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  1. Life Years Lost to Police Encounters in the United States

    How much life in the United States is lost to encounters with the police? The author builds on a demographic life table model by Edwards, Lee, and Esposito to estimate, for race- and gender-specific populations, how many years of life are lost in two categories of police encounters: (1) encounters involving officer use of force and (2) all deaths involving police encounters. Average life years lost by individuals who are killed ranges from 39 years (white men) to 52 years (Native women).

  2. Visualizing the Geographic and Demographic Distribution of COVID-19

    Whereas African Americans are disproportionately among the coronavirus disease 2019 (COVID-19) pandemic’s sick and dead, less is known about whether some racial/ethnic groups are more likely to be affected in Canada. In this data visualization, the authors address two issues limiting understanding of the spatial and demographic distribution of the COVID-19 pandemic in Canada: (1) COVID-19 infection and death counts are collected at a very high level of geographic aggregation, and (2) these counts are not tallied by sociodemographic group, including race/ethnicity.

  3. Biracial Identity Development at Historically White and Historically Black Colleges and Universities

    This study explores the relationship between biracial identity development and college context. I draw on interviews with 49 black-white biracial first- and second-year students attending historically black colleges/universities (HBCUs) or historically white colleges/universities (HWCUs) and follow-up interviews with the same students at the end of college to explore how and why their racial identities changed over time.
  4. COVID-19 Resources for Sociologists

    Every day we face new challenges related to COVID-19. ASA wants to help sociologists navigate those challenges. We are offering several resources to help sociologists in their work during this period.

    For more sociological perspectives and insights, see ASA's Special Issue of Footnotes on COVID-19.

  5. Beyond Net Worth: Racial Differences in Wealth Portfolios and Black–White Health Inequality across the Life Course

    A large body of research links wealth and health, but most previous work focuses on net worth. However, the assets and debts that comprise wealth likely relate to health in different and meaningful ways. Furthermore, racial differences in wealth portfolios may contribute to racial health gaps. Using longitudinal data from the Panel Study of Income Dynamics (PSID) and mixed effects growth curve models, we examined the associations between various wealth components and multiple health outcomes.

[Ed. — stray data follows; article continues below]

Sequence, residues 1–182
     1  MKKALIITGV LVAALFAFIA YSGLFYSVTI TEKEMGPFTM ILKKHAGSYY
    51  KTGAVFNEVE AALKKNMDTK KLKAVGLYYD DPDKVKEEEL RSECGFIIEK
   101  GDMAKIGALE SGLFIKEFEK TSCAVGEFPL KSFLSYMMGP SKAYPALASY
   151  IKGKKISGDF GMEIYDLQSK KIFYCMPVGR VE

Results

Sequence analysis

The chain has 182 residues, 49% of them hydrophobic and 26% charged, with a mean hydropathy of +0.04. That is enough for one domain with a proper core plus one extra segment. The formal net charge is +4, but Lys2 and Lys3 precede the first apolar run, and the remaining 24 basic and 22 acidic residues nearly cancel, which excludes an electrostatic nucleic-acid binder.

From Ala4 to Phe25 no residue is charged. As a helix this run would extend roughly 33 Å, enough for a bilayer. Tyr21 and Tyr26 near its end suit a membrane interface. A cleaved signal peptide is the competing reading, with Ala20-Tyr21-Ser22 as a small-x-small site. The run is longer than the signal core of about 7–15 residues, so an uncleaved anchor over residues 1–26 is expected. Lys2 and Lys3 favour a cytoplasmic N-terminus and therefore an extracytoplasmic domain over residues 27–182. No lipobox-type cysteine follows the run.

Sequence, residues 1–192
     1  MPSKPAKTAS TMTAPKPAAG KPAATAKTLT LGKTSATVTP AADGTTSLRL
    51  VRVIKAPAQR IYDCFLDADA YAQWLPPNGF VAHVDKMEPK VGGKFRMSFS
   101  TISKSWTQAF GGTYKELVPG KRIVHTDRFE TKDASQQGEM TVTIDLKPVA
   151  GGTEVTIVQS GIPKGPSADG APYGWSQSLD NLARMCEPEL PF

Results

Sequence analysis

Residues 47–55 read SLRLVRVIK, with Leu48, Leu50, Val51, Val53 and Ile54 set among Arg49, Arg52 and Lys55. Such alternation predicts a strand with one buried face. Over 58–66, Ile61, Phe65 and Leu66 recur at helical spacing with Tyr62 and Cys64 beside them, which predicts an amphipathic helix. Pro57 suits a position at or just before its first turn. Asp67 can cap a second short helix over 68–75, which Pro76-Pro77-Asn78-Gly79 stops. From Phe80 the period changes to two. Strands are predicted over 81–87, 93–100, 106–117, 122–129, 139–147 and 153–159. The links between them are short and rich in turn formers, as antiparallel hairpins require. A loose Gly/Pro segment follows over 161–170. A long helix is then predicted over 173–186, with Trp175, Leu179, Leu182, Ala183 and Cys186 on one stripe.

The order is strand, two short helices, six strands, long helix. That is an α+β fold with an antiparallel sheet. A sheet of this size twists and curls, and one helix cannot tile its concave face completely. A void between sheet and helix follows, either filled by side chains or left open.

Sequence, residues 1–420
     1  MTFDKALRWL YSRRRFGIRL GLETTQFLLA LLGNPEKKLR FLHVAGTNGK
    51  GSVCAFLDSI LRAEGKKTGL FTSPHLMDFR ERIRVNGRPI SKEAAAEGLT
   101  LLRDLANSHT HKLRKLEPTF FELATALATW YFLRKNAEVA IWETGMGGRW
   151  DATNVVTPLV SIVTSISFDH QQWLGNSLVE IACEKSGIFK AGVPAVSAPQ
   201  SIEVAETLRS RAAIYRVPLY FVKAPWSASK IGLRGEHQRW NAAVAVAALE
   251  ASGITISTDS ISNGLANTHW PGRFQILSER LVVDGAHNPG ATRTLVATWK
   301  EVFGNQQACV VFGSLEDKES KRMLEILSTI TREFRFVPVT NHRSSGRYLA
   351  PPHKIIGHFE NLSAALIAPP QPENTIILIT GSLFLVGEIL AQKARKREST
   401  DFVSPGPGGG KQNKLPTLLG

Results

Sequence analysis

6. Resources on Race, Police Violence, and Justice

    Protests against police violence and the systemic racism underlying it are underway across the country.  Sociologists have much to contribute to understanding and addressing these cultural and structural problems. ASA has developed a compilation of resources that can be used for research, teaching, and other outreach activities. Additional resources will be added to this page over time.

  7. Cultural Archipelagos: New Directions in the Study of Sexuality and Space

    Research on sexuality and space makes assumptions about spatial singularity: Across the landscape of different neighborhoods in the city, there is one, and apparently only one, called the gayborhood. This assumption, rooted in an enclave epistemology and theoretical models that are based on immigrant migration patterns, creates blind spots in our knowledge about urban sexualities. I propose an alternative conceptual framework that emphasizes spatial plurality.

  8. Jim Crow's Legacy: The Lasting Impact of Segregation

    For many, possibly most, Americans the term “Jim Crow” conjures a shameful and embarrassing historical era during which African Americans were treated unfairly. Ultimately, our nation recognized the contradiction between the unfair conditions of Jim Crow and our national creed of freedom, justice, and equality. Pushed along by civil rights marchers and enlightened legislators, Jim Crow was abandoned and, within less than a half century, America entered a new “post-racial,” colorblind era, led by a mixed-race president.

  9. The 2020 ASA Annual Meeting in San Francisco Is Cancelled

    Update: While the 2020 ASA Annual Meeting in San Francisco has been cancelled, we welcome you to join an alternative virtual engagement event.

  10. A Call to Higher Education Administrators Regarding Student Educational Progress During COVID-19

    The COVID-19 global pandemic has created unprecedented challenges for higher education. Institutions are faced with difficult decisions about how best to continue serving their educational and research missions, while also protecting individual and public health. Institutions moved at exceptional speed to close their campuses and move all instruction online.